Jamie Vardy’s incredible career has shown us only a FOOL would ever write him off… Now, Leicester could do with one final magical chapter from the 36-year-old striker to make sure of their Premier League status
- Jamie Vardy has made an entire career out of defying expectations
- They’re currently 14th in the Premier League, but only three points above drop
- The 36-year-old has managed only one goal in 24 league matches this season
Only a fool would take the risk of writing off Jamie Vardy.
One of the greatest strikers the Premier League has ever seen, Vardy has made a career from defying expectations. From non-league obscurity to Premier League champion, World Cup semi-finalist, FA Cup winner and Golden Boot holder.
Not bad for a player who cost £1million from Fleetwood Town in May 2012. His story is one of the greatest ever told and may never be repeated.
Yet as Leicester fight for Premier League survival, how they would love their most famous player to write another incredible chapter.
Vardy signed a new two-year deal with the Foxes last August but this has been a season of struggle for both player and club. The 36-year-old has scored just once in 24 appearances in the league and has four in all competitions.
Jamie Vardy has managed just one goal in 24 Premier League appearances this season – but you wouldn’t bet against him making a crucial contribution in Leicester’s survival bid
Vardy, 36, has struggled at times after Leicester boss Brendan Rodgers changed their style
He is no longer first choice, either, with boss Brendan Rodgers relying on Kelechi Iheanacho as his main striker. In the league, Vardy is asked to come from the bench, either trying to rescue his team or exploit the spaces left by opponents chasing the game.
The latter trait has always been Vardy’s forte and while he is still one of Leicester’s quickest players, the pace is not as deadly nowadays. When he has figured this season, Vardy has cut a frustrated figure, not quite able to outrun defenders as in his best days.
‘You can never write Jamie off because he still has that hunger, that drive, and that desire. I don’t think I can expect of him what he was doing five years ago,’ said Rodgers last September.
‘When I came here in 2019 people were writing him off and we’ve had a fantastic few years out of him. He knows he can’t go on forever.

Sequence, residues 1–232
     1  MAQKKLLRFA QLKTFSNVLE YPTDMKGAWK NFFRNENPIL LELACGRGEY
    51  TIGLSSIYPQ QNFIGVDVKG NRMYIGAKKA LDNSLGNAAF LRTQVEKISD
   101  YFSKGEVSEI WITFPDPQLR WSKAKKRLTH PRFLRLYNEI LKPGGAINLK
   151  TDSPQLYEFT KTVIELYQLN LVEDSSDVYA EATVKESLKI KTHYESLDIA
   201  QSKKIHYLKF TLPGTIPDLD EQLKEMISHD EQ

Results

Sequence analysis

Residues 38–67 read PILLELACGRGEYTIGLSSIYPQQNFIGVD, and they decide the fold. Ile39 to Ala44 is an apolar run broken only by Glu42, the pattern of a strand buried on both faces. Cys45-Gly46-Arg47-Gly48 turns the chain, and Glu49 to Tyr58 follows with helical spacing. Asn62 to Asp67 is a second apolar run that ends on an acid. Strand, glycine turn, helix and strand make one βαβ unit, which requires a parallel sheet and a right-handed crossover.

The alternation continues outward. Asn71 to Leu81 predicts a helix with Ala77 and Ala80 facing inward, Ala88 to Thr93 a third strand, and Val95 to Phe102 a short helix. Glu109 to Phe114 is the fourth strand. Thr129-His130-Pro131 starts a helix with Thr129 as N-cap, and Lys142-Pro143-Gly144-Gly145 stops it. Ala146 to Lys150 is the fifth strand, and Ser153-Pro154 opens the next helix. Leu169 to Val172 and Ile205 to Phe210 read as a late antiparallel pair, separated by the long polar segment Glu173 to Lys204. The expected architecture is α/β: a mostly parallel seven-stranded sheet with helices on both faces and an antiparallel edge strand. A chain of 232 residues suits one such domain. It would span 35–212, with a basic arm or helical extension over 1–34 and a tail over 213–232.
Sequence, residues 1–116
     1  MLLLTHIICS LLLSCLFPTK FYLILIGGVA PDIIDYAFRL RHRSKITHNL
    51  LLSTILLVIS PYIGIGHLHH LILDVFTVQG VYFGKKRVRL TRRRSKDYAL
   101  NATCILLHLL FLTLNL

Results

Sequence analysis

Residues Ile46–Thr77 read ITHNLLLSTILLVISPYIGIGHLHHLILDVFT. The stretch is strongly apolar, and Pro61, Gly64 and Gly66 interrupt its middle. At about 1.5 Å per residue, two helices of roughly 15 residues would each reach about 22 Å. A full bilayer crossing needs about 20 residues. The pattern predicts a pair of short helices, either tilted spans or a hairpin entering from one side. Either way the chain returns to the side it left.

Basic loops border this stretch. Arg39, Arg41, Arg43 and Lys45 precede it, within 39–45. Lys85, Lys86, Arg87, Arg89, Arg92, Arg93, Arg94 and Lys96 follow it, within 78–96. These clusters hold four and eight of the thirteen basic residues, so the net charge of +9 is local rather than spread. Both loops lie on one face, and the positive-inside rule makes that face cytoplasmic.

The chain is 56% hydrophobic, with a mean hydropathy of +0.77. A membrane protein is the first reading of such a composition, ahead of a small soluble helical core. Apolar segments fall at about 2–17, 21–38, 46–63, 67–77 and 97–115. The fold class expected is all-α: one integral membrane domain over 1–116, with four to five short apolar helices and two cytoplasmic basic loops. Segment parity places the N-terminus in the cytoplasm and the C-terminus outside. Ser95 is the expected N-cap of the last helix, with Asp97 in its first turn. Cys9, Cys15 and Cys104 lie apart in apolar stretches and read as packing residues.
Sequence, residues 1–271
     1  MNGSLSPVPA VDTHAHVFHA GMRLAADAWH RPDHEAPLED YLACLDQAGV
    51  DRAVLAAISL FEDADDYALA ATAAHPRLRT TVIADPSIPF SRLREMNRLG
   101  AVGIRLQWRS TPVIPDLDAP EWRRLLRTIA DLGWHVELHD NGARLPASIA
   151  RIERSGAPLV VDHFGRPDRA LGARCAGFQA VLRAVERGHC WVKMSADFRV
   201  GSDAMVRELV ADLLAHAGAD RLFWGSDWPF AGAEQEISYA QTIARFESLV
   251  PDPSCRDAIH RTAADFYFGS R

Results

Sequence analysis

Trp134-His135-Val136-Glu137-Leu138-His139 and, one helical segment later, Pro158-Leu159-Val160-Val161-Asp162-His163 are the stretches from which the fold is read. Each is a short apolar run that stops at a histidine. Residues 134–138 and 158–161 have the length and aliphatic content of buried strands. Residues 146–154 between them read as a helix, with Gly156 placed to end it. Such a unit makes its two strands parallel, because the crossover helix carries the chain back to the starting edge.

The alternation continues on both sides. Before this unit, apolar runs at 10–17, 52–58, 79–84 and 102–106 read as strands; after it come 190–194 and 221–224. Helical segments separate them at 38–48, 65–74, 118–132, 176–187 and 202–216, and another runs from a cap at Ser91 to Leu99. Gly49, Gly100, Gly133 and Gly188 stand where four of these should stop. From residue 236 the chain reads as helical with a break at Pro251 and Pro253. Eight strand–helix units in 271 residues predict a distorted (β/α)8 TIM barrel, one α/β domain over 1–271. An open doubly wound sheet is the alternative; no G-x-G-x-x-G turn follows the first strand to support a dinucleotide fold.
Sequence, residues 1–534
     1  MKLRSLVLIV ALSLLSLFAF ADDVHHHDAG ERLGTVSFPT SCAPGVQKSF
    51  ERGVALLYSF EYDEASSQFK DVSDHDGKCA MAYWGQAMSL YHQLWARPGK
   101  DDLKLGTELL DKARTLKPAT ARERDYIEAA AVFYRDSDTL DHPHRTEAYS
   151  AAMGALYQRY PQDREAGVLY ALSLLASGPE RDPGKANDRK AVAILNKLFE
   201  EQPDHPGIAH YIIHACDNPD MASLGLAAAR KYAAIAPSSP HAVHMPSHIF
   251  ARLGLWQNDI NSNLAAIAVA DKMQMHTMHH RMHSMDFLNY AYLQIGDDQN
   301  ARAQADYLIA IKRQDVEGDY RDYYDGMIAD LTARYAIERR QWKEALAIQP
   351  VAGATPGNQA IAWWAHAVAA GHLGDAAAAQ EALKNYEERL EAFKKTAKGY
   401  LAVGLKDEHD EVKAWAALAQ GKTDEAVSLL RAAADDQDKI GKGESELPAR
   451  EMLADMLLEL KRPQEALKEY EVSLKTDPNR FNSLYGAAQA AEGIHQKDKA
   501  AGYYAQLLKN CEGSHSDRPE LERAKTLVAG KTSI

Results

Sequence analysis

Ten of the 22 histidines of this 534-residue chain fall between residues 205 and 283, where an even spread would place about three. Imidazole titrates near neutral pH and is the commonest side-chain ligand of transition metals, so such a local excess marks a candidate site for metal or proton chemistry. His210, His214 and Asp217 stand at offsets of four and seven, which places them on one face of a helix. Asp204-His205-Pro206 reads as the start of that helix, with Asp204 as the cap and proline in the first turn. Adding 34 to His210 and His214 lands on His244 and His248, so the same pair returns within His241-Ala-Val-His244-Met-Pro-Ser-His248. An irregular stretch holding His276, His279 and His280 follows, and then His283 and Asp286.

‘It’s never easy. It’s always difficult to accept. However, you’ve got to try to support the team and the collective and then do the very best you can when you’re asked to play.’
That has left Rodgers with a conundrum. Does he play to Vardy’s strengths, despite his advancing years? Or choose a more patient style that brings out the best in technical players like Iheanacho and James Maddison, Leicester’s best player by some distance?
Rodgers has gone definitively for the second option, asking his team to play out from the back and through midfield. Iheanacho’s top asset is to drop deep, combine with Maddison and use his vision to release Leicester’s wide players.
Rodgers was left with a conundrum over whether to continue playing to Vardy’s strengths
The 36-year-old striker goes close during Leicester’s narrow loss to leaders Arsenal
Vardy’s is to sprint into the space between centre-back and full-back on to quick, early passes. No wonder he has looked lost at times, and not even made his usual runs. If he is disheartened at the current situation, it is understandable.
The problem here is that neither Rodgers nor Vardy is wrong. Rodgers knows today’s Vardy is not the player he inherited when he became Leicester manager four years ago, and who was the Premier League’s top scorer in Rodgers’ first full season. So the manager has to adapt accordingly.
For his part, Vardy is the third-highest scorer in Leicester’s history and has defied the odds so many times. He is entitled to wonder why Leicester are not making better use of him.
Where this leads is anyone’s guess. Vardy remains comfortably Leicester’s top earner and has another season on his contract.
The crowning glory of Vardy’s career was Leicester’s extraordinary title win back in 2016
He played for England in their 2018 World Cup semi-final defeat to Croatia in Moscow
Vardy also helped Leicester win the FA Cup in 2021, when they beat Chelsea in the final
Nothing can taint his legacy at Leicester. But Vardy is a proud man and it is hard to imagine him wanting to end a glorious Foxes career in the shadows.
If the current circumstances do not change, both player and club may have a decision to make in the summer.
The best outcome for everyone, however, would be for Vardy to rediscover some of the old magic. A relegation six-pointer at Southampton feels like the ideal time to do so.
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